If you shooting for texture reference or lighting acquisition (hdri), you may want to keep your images as “raw” as possible. This means keeping your images linear and the colors/exposure correct. In this post we discuss a basic workflow for calibrating raw images with colorchecker reference, using Nuke.
The first step is to shoot your images in RAW mode, this way you have always more control and range over your colors, and there’s no gamma curves or compression to compromise your final result.
Processing RAW images
Since we can’t open by default a RAW image in Nuke, we need to use a raw converter to create a 16bit Tiff. You have several options here, convert using the camera software that comes with your camera (for canon Digital Photo Professional), Photoshop, Lightroom, etc. But there’s also another option that some softwares like PTGUI uses, DCRAW.
So for comparisson we will use photoshop and dcraw. In photoshop make sure you keep the image curve linear (may default to medium contrast preset).
For dcraw you will need to download and install it, you can copy the .exe file to your c drive root or add the path to your environment variables.
After that open the command line or powershell, navigate to your image folder (ex: cd imagePath) and then use this command:
# DCRAW dcraw -v -w -H 1 -o 0 -q 3 -4 -T IMG_1735.CR2 # This will output a 16bit linear Tiff
Basically we are telling dcraw to output a linear 16bit tiff, there’s some other variables like highlight uncliping that you may want to use. For a completye reference read here.
Calibrating colors in Nuke
In order to calibrate the colors without manually grading or color correcting we will use a Nuke gizmo called mmColorTarget, you can read about it here and download from nukepedia. Read the install info and requirements on that page.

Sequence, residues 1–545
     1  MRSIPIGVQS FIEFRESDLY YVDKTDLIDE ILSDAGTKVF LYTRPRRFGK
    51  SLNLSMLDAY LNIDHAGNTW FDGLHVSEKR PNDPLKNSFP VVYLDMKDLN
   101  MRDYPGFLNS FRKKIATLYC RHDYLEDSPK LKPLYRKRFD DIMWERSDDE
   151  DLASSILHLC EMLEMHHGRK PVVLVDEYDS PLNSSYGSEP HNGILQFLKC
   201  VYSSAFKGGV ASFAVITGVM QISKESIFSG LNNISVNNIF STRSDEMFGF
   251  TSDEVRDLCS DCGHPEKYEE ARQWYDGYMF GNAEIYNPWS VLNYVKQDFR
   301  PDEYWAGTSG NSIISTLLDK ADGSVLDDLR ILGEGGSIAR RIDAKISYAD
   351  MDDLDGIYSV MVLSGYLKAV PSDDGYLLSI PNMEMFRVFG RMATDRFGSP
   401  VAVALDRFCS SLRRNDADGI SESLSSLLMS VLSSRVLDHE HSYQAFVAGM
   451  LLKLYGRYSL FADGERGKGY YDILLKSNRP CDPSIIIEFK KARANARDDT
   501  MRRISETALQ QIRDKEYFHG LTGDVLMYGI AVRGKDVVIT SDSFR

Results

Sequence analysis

Now create a mmColorTarget node and connect your image as source. Align the source points like a corner pin to your colorchecker. You can increase the sample size, to average more the colors.
In this case we won’t use a target image, instead check the box “Use Reference Values as Target“, this option uses the colorchecker original colors as target. The final step is to press the magic button Calculate Matrix. This will do some color transformations to your image in order to match as close as possible to the true colors of the color chart.
Dcraw linear vs Photoshop linear
The final step is to compare the results of the dcraw and photoshop linear tiff’s. After some tests on different images there’s definitely a pattern:
It’s obvious that dcraw is giving us a better linear tiff than photoshop. If you have a look at the greyscale samples which most of the times is what we need to match when lighting with hdri’s, the photoshop tiffs are not even closer to the dcraw result. This still needs some further experiments, and I would like to know about your own workflows, leave a comment below.
Thanks for reading!